The in-memory flag group descriptor constructed by either evl_new[_any]_flags() or evl_open_flags(), or statically built with EVL_FLAGS[_ANY]_INITIALIZER. In the latter case, an implicit call to evl_new_flags_any() is issued for flg before a wait is attempted, which may trigger a transition to the in-band execution mode for the caller.

  • r_bits

    The address of an integer which contains the set of flags received on successful return from the call.

  • evl_wait_flags() returns zero on success. Otherwise, a negated error code may be returned if:

    -EINVAL flg does not represent a valid in-memory flag group descriptor. If that pointer is out of the caller’s address space or points to read-only memory, the caller bluntly gets a memory access exception.

    If flg was statically initialized with EVL_FLAGS[_ANY]_INITIALIZER, then any error returned by evl_new_flags_any() may be passed back to the caller in case the implicit initialization call fails.


    int evl_timedwait_flags(struct evl_flags *flg, const struct timespec *timeout, int *r_bits)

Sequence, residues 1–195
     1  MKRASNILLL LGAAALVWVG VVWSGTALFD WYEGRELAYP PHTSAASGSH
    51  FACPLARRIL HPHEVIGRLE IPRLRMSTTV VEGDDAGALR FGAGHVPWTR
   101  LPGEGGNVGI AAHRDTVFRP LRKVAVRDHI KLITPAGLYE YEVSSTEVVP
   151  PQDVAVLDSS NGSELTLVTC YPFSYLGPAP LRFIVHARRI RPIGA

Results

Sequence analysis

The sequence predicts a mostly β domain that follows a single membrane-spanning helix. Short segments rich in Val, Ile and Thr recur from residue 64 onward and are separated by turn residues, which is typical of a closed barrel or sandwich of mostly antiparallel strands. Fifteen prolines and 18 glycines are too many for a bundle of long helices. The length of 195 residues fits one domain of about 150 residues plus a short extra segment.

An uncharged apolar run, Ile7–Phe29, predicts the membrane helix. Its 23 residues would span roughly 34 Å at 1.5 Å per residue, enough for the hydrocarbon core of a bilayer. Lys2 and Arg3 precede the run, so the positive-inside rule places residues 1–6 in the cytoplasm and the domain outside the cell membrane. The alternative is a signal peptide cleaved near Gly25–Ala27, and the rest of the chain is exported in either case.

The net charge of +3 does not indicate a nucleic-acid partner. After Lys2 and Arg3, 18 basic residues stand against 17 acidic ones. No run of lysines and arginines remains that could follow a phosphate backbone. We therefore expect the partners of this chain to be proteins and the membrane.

This call is a variant of evl_wait_flags() which allows specifying a timeout on the wait operation, so that the caller is unblocked after a specified delay sleeping without any flag being posted.

  • flg

    The in-memory flag group descriptor constructed by either evl_new[_any]_flags() or evl_open_flags(), or statically built with EVL_FLAGS[ANY]_INITIALIZER. In the latter case, an implicit call to evl_new_flags_any() for flg is issued before a wait is attempted, which may trigger a transition to the in-band execution mode for the caller.

  • timeout

    A time limit to wait for the group to be posted before the call returns on error. The clock mentioned in the call to evl_new_flags_any() will be used for tracking the elapsed time.

  • r_bits

    The address of an integer which contains the set of flags received on successful return from the call.

  • The possible return values include any status from evl_wait_flags(), plus:

    -ETIMEDOUT The timeout fired, after the amount of time specified by timeout.


    int evl_post_flags(struct evl_flags *flg, int bits)

    This call posts a (non-null) set of events to a flag group. The core adds the posted bits to the group’s current value using a bitwise OR operation. Afterwards, it unblocks the thread heading the wait queue of the flag group at the time of the call if any (i.e. having the highest priority among waiters).